The San Francisco Jewish Film Festival usually doesn’t roll out an Oscar-style red carpet. This year they’re going to need one.
The 36th annual festival, opening on Thursday, July 21, will have plenty of star power, with scheduled in-person appearances by TV legend Norman Lear, standup comedy icon Robert Klein, celebrity chef Michael Solomonov and even the “Son of Spock” (as in Adam Nimoy, son of the late “Star Trek” star Leonard Nimoy).
“We’re hoping all the Trekkies will come out in full regalia,” executive director Lexi Leban said regarding the July 31 screening of “For the Love of Spock,” a documentary by Adam Nimoy that will be making its West Coast premiere.
The film explores a complex father-son relationship, as well as the ways Leonard Nimoy’s Judaism impacted his life and work. It has been selected to close the festival’s 11-day run at the Castro Theatre, and will also screen Aug. 1 at the Roda Theatre in Berkeley; Adam Nimoy is slated to attend the Castro screening only.
“Spock” is one of 67 films from 15 countries featured in this year’s festival, which will run through Aug. 7 at the Castro in San Francisco, the CineArts in Palo Alto, the Roda Theatre in Berkeley, the Piedmont Theatre in Oakland and the Smith Rafael Film Center in San Rafael.
The opening night offering is “The Tenth Man,” a touching family comedy from Argentina, filmed in the Buenos Aires Jewish neighborhood Once. “It’s my favorite opening night film since I’ve been here,” said program director Jay Rosenblatt, who has been with the festival since 2009, two years before Leban came aboard. Director Daniel Burman, who has had three previous films in the SFJFF, is scheduled to be in attendance on opening night.
As always, the festival will present an array of films that explore myriad facets of Jewish life, culture, history and politics. And as always, Leban and Rosenblatt — both former filmmakers — have created several themes in which to slot various films.
One of this year’s marquee categories has been tabbed “Televisionaries,” and it will be a salute to Jewish pioneers of television, such as “All in the Family” creator Norman Lear. In conjunction with the July 24 screening of the documentary “Norman Lear: Just Another Version of You” at the Castro Theatre, Lear will be present to accept this year’s Freedom of Expression Award. The film will also be shown July 25 in Palo Alto and Aug. 7 in San Rafael.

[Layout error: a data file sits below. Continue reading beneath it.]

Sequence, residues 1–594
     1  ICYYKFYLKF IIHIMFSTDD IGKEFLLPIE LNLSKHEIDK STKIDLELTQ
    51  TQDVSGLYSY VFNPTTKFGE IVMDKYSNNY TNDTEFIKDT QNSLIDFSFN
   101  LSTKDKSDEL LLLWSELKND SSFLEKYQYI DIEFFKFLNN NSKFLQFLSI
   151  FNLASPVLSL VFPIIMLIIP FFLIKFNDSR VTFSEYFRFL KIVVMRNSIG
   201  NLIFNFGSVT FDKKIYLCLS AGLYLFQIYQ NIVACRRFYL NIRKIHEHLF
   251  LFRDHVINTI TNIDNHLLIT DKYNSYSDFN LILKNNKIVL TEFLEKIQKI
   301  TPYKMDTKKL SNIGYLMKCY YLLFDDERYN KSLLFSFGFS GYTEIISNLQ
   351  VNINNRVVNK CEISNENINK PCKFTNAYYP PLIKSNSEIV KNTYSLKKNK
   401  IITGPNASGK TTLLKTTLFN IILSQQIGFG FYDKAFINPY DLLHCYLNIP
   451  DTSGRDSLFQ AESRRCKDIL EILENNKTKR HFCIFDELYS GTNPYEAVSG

The “Televisionaries” category also includes screenings of episodes of three Israeli shows: “The Writer,” a new series from critically acclaimed Israeli Arab TV writer Sayed Kashua (who created “Arab Labor”); “Shtisel,” a melodrama about a haredi family “that looks like ‘Modern Family’ put on a kippah and went to Jerusalem,” according to the description in the SFJFF program; and “False Flag,” about five ordinary citizens suspected of kidnapping an Iranian official.
“It’s been picked up by Fox,” Leban said of “False Flag.” “So like ‘Homeland,’ it’s the next Israeli hit here.”
“False Flag” writer-creator Amit Cohen is scheduled to be in person at screenings on July 30 in San Francisco and July 31 in Berkeley. Moreover, Kashua, whose popular “Arab Labor” show ran for four seasons in Israel and has been featured previously in the SFJFF, is scheduled to attend screenings on July 31 in San Francisco and Aug. 1 in Berkeley.
Another theme in this year’s festival is “People of the Book,” which will be highlighted by “A Tale of Love and Darkness,” Oscar-winning actress Natalie Portman’s directorial debut. The 98-minute film, in Hebrew with English subtitles, is based on Amos Oz’s bestselling autobiography. It will screen July 23 in San Francisco and Aug. 4 in Berkeley.
Another feature to keep on an eye on is “Natasha,” one of this year’s two centerpiece films. The 93-minute film, in English and Russian with English subtitles, is a provocative drama from Canadian writer and director David Bezmozgis. It’s based on a highly acclaimed 2004 short story by Bezmozgis about a romance between a 16-year-old Russian Jewish immigrant in Toronto and his cousin by marriage, a 14-year-old girl from Moscow with a scandalous past. Bezmozgis is scheduled to appear for screenings on July 26 in San Francisco, July 27 in Palo Alto and July 29 in Berkeley.
The other centerpiece film is “Robert Klein Still Can’t Stop His Leg,” which analyzes the impact Klein had on a generation of comics. The film will screen only once, July 25 at the Castro, with Klein, who appeared on “The Tonight Show” and Letterman more than 100 times, and movie critic-turned-director Marshall Fine scheduled to be in attendance.
Though most films in this year’s festival won’t be making their world premieres, one that will be having its first public showing is “Wrestling Jerusalem,” a 93-minute film based on the one-man play from Bay Area actor-playwright Aaron Davidman. In the film, just like in the play, Davidman takes on 17 roles — men and women, Muslim and Jew — to make sense of an impossibly complex problem. Dylan Kussman makes his big-screen directorial debut by using scenes shot in a San Francisco theater, in the desert and in a backstage dressing room.